Still, the downturn in top-level NFL talent, at least from a draft perspective, has to trouble the conference and offers a possible explanation as to why the Big Ten has struggled on the big stage of late. I believe that the way Urban Meyer and Brady Hoke are recruiting will mean more elite players will be entering the pros in the near future, but we shall see.

Let's talk about this year's prospects. Who do you think will be the first Big Ten player selected this weekend? And which Big Ten product do you think should be the first one taken?

Adam Rittenberg: As much as I'd love to see Wisconsin RB Montee Ball work his way into the first round, I think the first pick will be either Short or Hankins. Both are potentially great NFL defensive linemen, but I think Short has a little more versatility to his game and can be an effective pass-rusher in addition to his run-stuffing duties. Short wasn't healthy for a chunk of last season, which led to some erratic play, but he has the ability to dominate inside. So does Hankins, but he's more of a space-eater than a difference-maker on the pass rush. I think Short should be the first Big Ten player taken, and I think he will be.

You mention Wilson, who was arguably the biggest steal of the 2012 draft. Which Big Ten player will fill that role this year? Who are the value picks out there from the league?

Brian Bennett: Wilson slipped in last year's draft because of concerns over his height. And I think there may be a similar thing going on with Ohio State's John Simon. He's viewed as a tweener because he's only 6-foot-1, but there's no questioning Simon's motor, heart or leadership. As long as he can stay healthy, he'll be a productive player for a long time in the NFL.

Penn State's Jordan Hill is another guy who's shorter than the prototype for a defensive lineman but who also makes up for it with his performance and drive. I also believe Nebraska's Rex Burkhead is being undervalued, though running backs aren't the commodities they once were at the next level. A knee injury hurt Burkhead's stock, but he showed at the combine what kind of athlete he is. And I think Michigan State cornerback Johnny Adams, who was looked at as a first-round draft pick not that long ago, could be had at a good price this weekend.

Which players do you think are being undervalued? And what do you see as the draft fate for Michigan's Denard Robinson?

[+] EnlargeBurkhead
Andrew Weber/US PresswireRex Burkhead showed during pre-draft workouts that he's recovered from a 2012 knee injury.
Adam Rittenberg: You bring up some really interesting names, BB, especially Burkhead, who, if healthy and in the right system, could be a very valuable NFL player. Simon is another guy who needs to be in the right system and must overcome measurables that aren't ideal for the NFL at defensive end or outside linebacker. I wouldn't forget the group of Illinois defensive linemen -- Michael Buchanan, Akeem Spence and Glenn Foster, who wowed the scouts during pro day in Champaign. It's easy to dismiss them because they played on a terrible team, but all three have been on the NFL radar for some time -- especially Spence and Buchanan -- and have the talent to succeed at the pro level.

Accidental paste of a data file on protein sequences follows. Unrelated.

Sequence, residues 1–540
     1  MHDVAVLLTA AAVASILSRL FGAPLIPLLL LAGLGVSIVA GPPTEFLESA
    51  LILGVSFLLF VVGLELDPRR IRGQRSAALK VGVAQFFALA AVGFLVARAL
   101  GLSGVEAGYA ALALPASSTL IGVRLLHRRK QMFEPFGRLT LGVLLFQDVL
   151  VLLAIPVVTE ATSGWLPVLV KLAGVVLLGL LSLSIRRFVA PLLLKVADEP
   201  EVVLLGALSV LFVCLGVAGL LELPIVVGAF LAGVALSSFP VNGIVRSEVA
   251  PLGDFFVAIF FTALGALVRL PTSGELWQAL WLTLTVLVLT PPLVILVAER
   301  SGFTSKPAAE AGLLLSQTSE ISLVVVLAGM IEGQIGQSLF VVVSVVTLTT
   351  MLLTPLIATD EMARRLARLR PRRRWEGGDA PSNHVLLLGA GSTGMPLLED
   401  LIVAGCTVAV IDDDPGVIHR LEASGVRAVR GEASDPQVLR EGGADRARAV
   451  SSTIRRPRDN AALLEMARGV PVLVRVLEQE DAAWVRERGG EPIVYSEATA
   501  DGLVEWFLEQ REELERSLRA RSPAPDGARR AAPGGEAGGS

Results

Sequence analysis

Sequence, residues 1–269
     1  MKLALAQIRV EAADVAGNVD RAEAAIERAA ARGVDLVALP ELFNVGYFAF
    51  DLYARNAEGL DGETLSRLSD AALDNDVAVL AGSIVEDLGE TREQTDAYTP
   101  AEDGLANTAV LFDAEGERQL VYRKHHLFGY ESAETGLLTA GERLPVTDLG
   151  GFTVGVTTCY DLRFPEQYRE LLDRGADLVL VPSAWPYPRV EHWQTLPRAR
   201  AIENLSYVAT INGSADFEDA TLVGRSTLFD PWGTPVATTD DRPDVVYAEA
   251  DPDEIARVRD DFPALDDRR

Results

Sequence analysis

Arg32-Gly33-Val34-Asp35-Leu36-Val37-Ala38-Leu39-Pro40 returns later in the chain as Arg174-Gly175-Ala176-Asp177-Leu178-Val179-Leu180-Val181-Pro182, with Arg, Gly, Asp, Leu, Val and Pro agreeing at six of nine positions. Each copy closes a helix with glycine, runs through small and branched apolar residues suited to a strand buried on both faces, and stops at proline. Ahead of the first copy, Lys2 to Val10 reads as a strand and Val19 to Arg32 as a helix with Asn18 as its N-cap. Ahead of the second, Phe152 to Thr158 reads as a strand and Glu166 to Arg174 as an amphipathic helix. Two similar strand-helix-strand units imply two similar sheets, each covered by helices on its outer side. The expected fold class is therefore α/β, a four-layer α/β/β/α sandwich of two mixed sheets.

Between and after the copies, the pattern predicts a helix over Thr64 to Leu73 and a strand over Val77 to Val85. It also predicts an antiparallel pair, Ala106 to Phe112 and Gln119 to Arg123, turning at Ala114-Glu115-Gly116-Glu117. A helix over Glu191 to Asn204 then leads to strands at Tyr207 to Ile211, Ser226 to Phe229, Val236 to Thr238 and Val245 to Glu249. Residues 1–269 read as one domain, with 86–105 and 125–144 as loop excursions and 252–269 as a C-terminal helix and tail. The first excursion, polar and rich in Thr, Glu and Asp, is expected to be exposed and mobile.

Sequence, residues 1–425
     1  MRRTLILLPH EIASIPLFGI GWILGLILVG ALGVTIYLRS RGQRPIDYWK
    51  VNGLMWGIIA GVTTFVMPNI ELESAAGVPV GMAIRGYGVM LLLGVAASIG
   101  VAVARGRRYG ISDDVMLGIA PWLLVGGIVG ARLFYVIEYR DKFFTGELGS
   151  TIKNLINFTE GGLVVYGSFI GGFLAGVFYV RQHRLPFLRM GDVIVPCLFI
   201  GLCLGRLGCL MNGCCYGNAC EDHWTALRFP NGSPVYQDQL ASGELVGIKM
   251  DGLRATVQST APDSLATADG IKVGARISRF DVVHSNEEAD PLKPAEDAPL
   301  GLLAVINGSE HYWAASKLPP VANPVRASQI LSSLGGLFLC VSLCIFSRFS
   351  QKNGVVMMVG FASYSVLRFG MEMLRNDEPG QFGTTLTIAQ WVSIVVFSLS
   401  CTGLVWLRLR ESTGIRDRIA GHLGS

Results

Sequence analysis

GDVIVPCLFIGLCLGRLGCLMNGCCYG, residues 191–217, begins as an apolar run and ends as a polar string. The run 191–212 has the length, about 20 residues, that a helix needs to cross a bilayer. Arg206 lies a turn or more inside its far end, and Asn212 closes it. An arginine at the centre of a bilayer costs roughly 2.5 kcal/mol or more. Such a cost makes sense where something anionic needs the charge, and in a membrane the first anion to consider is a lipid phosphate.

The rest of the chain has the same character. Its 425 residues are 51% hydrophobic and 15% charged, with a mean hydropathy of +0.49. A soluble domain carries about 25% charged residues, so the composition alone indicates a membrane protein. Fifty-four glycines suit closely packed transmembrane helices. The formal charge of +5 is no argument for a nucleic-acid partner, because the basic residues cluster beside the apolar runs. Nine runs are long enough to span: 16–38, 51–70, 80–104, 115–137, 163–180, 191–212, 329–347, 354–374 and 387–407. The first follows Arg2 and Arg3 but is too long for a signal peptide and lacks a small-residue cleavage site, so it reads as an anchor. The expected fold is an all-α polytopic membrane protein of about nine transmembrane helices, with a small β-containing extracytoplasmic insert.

Ohio State tackle Reid Fragel is another guy who could be a great value, although his stock seems to be rising quickly. He started his career as a tight end but really thrived last year at the tackle spot.

Robinson will be one of the weekend's top story lines. He's clearly a work in progress as a receiver, but you can't teach that speed and explosiveness. Robinson is a risk-reward guy, but I'd be surprised if he's still on the board midway through the third round.

The Big Ten sends a fairly small contingent of underclassmen to this year's draft. How do you think those players pan out?

Brian Bennett: Michigan State has three of 'em in Le'Veon Bell, Dion Sims and William Gholston. I think there's a chance that some team reaches for Bell in the first round, and he's got the body to be a very good NFL running back for a long time. Sims also presents an intriguing option for teams, especially with the increased use of tight ends in the pro passing game. Despite Gholston's impressive physical traits, he didn't test that well in Indianapolis and had a questionable motor in college. Teams could shy away from him.

You mentioned Spence from Illinois, a guy whose stock seemed to climb as he showed some great strength in workouts. Hankins will be a second-rounder at worst. Then there's Wisconsin center Travis Frederick, who posted a slow sprint time at the combine. But how many times do centers need to sprint? I still think he'll be a good player, and one who shouldn't fall past the second round.

This is getting to be as long as the draft itself, so we should probably start wrapping things up. Any final thoughts on the Big Ten's outlook this weekend?